Irish Gothic by Ronald Kelly

Review by Brennan LaFaro

Following Halloween Season and Season’s Creepings, Ronald Kelly is releasing Irish Gothic. Technically, it’s not in line with any specific holiday, more country and culture, but putting it out only weeks before St. Patrick’s Day? Mr. Kelly knows what he’s doing. All three of these recent Crossroads Press releases weigh in at a little over one hundred pages—enough to wet your whistle and prepare you for the season.

I alluded to Irish Gothic being St. Patrick’s Day horror, but it’s really not. You won’t find stories about drunk people drowning in Chicago’s green river or Leprechauns getting rowdy in Boston. All the stories take place in, or at least have their roots on the Emerald Isle. There are so many fascinating creatures exclusive to Irish mythology that show up here including, but not limited to, Sluagh, Dearg Due, and Formorians. You also get more traditional cryptids such as the banshee, selkie, and of course, leprechauns. All this bookended by a glossary of Celtic beasties at the end.

Irish Gothic opens with “Flanagan’s Bride”, a terrifically ghastly take on the traditional banshee mythos. For initiated Kelly fans, it’s a bit strange to find his voice narrating a story not set in the southern U.S., but the reader acclimates quickly and Kelly’s down-home voice adds a unique element to a story set across the sea.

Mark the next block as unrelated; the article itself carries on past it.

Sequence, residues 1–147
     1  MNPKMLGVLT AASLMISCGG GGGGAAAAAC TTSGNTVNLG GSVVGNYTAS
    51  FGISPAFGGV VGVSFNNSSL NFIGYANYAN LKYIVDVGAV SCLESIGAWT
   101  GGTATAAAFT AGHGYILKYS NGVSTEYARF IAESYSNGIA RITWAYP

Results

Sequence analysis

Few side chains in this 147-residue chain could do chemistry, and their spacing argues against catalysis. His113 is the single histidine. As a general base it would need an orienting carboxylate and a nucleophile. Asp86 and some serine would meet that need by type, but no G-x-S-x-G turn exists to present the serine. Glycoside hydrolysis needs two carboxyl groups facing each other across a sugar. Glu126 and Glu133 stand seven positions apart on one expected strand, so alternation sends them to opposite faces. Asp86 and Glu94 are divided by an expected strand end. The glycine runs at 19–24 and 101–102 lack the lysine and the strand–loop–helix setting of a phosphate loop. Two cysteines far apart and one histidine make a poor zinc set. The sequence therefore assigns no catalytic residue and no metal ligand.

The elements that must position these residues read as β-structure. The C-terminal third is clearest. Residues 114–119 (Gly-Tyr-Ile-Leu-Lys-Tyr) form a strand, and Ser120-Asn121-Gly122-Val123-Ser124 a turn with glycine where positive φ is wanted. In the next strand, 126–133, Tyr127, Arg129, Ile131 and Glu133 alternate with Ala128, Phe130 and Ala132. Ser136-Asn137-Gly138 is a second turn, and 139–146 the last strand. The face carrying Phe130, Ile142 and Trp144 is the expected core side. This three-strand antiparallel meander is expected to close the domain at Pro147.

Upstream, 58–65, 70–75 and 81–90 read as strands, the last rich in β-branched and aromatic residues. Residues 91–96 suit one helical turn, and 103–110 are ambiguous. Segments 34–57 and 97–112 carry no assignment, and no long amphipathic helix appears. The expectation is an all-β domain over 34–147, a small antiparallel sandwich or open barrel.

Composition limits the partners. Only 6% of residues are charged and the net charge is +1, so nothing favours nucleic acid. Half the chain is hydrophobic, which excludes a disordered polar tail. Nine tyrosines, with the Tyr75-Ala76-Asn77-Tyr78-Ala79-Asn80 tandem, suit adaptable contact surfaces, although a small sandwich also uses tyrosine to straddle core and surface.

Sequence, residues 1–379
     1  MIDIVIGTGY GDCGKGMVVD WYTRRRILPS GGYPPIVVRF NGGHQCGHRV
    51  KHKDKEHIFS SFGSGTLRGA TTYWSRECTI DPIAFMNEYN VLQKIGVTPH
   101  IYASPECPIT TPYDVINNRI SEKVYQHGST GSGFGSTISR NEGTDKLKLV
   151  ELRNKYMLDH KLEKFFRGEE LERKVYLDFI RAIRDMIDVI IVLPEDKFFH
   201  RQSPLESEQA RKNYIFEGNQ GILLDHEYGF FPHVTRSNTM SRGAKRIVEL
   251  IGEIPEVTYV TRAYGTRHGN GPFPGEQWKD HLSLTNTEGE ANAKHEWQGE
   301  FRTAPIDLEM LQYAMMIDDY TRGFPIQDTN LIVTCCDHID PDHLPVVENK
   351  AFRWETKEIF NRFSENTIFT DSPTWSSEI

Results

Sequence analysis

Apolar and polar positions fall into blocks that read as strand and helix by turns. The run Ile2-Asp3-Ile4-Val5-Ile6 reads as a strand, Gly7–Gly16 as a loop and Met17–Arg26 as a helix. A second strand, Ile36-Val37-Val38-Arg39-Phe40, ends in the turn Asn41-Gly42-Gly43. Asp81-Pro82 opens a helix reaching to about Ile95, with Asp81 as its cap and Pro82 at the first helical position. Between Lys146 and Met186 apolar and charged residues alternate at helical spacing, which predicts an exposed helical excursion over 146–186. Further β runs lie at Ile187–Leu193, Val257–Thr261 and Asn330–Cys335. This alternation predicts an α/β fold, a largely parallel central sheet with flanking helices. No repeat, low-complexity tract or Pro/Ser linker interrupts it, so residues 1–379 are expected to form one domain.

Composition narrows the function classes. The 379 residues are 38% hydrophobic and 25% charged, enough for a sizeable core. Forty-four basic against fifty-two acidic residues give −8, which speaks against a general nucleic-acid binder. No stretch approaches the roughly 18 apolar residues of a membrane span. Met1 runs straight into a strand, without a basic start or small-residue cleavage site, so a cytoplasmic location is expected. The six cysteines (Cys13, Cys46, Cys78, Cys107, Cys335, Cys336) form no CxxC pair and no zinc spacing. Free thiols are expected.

This collection shines where Kelly employs his signature brand with non-traditional elements, such as “Diabhal’s Timepiece”, “Letters from Kilkenny”, and “A Fine Wake for Nana Ferree”. “O’Sheehan”, probably my favorite in the collection, eschews the previous element and tells something a little off the wall. It’s unexpected, but an absolute blast, and it’s my selfish hope that Kelly will revisit the character. A short note for “The Spawn of Arget Bethir”—if you have not read Kelly’s book Undertaker’s Moon, it’s in your best interest to save this story until you have. Consider this a plug for that phenomenal small-town horror werewolf book.

If you’ve got some Irish in your blood, come read about the critters that terrorized your ancestors on the Emerald Isle. If not, never fear, Ronald Kelly’s churning out can’t-miss short fiction right now and he doesn’t appear to be stopping anytime soon.

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